Will we still have antibiotics in 50 years? We asked 7 global experts
Prof Roy Robins-Browne, Dept of Microbiology & Immunology, contributed as a “global expert” to The Conversation article published, “Will we still have antibiotics in 50 years? We asked 7 global experts”.
The World Health Organisation has growing concerns that antimicrobial resistance will deem our current antibiotics useless with increasing resistance to our current products, and there are too few new antibiotics in the making to address this issue.
Seven global experts were asked about their opinion on this issue, with all of them saying that we will still have effective antibiotics in 50 years despite the World Health Organisation’s concern.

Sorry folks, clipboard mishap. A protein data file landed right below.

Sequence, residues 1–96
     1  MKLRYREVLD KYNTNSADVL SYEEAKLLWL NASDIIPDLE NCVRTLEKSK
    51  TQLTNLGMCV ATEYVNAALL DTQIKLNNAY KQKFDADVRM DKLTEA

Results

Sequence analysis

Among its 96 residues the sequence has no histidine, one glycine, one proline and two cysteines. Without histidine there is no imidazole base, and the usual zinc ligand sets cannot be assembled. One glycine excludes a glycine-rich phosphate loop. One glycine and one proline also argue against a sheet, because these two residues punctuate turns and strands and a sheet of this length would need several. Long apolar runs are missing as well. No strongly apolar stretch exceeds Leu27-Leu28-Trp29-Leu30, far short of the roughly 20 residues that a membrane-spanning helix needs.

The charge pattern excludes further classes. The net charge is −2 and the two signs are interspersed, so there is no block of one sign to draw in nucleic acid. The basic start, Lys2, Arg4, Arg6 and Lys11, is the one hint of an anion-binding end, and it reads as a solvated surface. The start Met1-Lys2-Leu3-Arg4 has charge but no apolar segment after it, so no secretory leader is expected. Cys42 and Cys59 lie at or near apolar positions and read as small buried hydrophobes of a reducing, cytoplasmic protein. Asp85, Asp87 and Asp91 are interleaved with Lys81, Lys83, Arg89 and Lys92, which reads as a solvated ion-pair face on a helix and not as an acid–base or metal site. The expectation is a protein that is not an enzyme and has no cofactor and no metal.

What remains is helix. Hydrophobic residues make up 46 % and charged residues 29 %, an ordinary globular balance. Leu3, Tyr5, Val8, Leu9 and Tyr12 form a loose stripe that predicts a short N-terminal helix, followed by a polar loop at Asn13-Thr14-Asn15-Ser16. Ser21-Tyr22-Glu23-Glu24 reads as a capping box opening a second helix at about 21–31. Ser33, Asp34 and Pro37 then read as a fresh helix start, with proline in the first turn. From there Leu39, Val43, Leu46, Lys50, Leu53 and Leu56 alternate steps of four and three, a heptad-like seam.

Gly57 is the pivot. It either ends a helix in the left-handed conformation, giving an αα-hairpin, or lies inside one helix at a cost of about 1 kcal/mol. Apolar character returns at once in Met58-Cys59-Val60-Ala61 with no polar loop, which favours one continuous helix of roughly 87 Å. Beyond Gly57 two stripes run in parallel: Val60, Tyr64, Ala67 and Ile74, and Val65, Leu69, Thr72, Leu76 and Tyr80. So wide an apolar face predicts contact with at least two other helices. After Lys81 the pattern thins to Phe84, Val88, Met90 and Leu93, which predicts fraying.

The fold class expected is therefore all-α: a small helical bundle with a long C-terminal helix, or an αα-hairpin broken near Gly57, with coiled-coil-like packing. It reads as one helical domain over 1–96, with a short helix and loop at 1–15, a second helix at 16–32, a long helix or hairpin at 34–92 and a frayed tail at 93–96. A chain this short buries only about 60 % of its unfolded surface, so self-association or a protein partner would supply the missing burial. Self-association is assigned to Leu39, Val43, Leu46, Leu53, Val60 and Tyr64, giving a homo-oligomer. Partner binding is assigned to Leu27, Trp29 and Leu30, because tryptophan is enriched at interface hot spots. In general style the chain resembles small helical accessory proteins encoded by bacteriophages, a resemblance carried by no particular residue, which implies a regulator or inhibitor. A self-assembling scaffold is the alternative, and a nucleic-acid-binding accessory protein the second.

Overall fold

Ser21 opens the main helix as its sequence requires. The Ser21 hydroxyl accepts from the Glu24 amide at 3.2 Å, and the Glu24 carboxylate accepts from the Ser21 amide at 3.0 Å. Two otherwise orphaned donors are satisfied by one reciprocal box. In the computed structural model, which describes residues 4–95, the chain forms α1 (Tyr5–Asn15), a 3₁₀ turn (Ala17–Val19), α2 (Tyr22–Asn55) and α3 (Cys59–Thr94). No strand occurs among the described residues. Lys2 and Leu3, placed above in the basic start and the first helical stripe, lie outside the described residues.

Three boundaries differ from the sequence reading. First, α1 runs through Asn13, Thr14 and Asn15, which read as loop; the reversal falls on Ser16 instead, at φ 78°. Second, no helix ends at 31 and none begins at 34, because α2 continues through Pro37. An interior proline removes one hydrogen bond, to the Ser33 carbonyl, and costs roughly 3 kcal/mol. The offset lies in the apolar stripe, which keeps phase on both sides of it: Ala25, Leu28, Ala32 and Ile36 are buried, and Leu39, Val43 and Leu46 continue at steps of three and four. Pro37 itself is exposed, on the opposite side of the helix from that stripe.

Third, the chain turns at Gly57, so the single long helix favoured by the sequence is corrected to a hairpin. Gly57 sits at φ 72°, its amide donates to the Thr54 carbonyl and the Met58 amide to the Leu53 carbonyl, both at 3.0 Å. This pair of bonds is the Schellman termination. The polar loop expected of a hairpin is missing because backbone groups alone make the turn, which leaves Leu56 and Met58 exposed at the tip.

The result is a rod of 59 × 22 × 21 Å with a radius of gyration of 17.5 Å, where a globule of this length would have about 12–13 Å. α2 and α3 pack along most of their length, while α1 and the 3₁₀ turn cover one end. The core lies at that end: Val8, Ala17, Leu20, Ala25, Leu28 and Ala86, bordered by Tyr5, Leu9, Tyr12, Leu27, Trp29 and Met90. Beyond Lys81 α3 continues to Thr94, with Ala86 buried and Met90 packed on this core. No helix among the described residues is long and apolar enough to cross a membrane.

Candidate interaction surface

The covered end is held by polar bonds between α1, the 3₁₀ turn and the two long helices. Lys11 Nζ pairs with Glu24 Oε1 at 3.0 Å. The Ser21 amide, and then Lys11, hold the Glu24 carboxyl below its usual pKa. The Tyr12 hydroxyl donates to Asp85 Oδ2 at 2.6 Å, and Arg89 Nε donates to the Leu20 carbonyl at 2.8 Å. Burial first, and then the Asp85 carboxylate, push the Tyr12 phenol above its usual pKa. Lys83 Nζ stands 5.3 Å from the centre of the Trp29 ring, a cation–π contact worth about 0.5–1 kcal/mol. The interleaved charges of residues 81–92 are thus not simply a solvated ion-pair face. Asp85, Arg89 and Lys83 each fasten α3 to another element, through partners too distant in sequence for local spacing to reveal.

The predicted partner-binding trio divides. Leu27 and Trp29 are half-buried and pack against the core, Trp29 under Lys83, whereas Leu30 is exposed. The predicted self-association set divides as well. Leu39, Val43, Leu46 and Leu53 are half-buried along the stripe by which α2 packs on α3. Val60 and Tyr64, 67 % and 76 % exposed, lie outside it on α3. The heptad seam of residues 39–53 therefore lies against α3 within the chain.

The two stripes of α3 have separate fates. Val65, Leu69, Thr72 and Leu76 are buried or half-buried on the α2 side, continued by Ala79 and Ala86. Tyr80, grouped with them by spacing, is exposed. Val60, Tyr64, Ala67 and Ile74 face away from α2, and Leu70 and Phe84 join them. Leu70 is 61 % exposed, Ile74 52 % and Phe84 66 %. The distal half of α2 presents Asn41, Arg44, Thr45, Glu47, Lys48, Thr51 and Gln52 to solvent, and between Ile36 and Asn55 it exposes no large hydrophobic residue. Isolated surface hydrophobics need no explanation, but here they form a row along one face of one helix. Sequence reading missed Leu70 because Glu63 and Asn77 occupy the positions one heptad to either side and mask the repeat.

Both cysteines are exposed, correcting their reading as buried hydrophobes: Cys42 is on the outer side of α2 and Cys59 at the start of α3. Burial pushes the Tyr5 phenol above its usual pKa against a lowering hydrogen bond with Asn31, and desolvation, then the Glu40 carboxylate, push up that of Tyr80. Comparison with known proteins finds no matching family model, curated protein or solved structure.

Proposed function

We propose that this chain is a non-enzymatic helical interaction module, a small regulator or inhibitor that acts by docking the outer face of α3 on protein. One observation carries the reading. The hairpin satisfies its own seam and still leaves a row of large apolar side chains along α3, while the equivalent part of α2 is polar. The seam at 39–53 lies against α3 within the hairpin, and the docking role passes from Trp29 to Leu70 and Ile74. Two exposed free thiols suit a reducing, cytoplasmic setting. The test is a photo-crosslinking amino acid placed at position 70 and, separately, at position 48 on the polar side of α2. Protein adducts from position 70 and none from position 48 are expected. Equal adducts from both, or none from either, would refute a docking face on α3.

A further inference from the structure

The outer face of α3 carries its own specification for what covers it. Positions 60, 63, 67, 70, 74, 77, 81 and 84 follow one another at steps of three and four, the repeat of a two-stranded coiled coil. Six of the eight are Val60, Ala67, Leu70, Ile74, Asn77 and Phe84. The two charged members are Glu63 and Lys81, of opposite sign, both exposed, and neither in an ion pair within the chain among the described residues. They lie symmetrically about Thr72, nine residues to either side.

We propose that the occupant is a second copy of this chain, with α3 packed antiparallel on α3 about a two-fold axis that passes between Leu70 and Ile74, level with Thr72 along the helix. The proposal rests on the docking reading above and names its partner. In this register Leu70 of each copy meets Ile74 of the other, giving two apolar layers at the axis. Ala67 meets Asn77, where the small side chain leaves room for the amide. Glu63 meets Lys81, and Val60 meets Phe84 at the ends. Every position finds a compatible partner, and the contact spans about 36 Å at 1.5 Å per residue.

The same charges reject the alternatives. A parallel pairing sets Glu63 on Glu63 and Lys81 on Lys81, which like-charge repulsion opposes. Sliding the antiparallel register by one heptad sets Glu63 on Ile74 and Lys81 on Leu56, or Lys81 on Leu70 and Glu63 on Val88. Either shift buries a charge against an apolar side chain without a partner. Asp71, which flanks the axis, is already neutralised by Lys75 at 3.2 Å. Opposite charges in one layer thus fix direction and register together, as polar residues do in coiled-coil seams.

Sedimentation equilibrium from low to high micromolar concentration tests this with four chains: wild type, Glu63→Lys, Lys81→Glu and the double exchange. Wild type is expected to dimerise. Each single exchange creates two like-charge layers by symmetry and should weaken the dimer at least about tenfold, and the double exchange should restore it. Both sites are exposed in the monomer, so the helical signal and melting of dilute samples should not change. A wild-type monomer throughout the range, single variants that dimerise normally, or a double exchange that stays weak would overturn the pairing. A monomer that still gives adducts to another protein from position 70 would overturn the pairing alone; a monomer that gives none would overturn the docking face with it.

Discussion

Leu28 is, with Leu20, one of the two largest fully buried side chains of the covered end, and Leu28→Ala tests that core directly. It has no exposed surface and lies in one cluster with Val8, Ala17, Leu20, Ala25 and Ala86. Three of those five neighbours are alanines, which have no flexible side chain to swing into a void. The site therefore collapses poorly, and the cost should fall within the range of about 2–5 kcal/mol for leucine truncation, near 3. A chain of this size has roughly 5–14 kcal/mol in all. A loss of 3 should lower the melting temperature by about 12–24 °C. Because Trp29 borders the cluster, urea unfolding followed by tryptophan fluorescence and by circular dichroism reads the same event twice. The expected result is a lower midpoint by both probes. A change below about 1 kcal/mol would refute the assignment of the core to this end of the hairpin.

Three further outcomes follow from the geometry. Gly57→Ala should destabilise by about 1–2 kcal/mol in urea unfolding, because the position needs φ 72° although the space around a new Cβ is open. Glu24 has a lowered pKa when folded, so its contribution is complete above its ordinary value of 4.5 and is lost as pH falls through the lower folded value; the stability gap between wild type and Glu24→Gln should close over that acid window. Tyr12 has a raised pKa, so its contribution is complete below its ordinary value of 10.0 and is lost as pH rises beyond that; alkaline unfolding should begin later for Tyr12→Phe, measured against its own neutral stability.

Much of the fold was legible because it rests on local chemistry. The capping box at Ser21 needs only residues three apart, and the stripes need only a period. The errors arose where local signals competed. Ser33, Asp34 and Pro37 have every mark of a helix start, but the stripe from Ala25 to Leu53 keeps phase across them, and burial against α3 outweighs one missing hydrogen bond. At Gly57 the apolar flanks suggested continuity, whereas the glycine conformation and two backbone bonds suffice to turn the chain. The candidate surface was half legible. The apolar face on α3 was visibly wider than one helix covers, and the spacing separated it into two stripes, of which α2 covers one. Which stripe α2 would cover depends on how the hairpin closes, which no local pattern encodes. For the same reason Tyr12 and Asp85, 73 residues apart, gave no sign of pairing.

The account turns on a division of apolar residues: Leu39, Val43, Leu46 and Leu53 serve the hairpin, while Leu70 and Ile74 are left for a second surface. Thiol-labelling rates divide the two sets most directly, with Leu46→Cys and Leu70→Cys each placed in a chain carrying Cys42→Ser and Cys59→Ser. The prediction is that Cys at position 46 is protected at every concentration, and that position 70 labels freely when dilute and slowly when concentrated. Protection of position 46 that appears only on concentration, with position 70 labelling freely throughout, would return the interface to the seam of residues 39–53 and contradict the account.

Our researcher Prof Roy Robins-Browne believes we will still have antibiotics because people will still get infections despite advances in immunisation and other forms of prevention. Nevertheless, future drugs will differ from those we use today which would make our current ones obsolete in 50 years, as the new drugs will be targeted directly at the specific cause of infection which will be determined by using rapid, point-of-care diagnostic tests, like COVID-19 RAT tests. Unlike today’s antibiotics that kill bacteria or limit their growth, future antimicrobials will limit the ability of the bacteria to cause disease or evade our immune systems to discourage the development of resistance.
Read the full article and opinions of the other experts on The Conversation.